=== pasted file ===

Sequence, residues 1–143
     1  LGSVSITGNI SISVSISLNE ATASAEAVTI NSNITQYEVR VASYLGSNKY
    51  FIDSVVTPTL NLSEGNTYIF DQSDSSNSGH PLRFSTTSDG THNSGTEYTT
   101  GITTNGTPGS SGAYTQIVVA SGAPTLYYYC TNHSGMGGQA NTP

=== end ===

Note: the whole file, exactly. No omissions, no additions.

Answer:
Sequence, residues 1–143
     1  LGSVSITGNI SISVSISLNE ATASAEAVTI NSNITQYEVR VASYLGSNKY
    51  FIDSVVTPTL NLSEGNTYIF DQSDSSNSGH PLRFSTTSDG THNSGTEYTT
   101  GITTNGTPGS SGAYTQIVVA SGAPTLYYYC TNHSGMGGQA NTP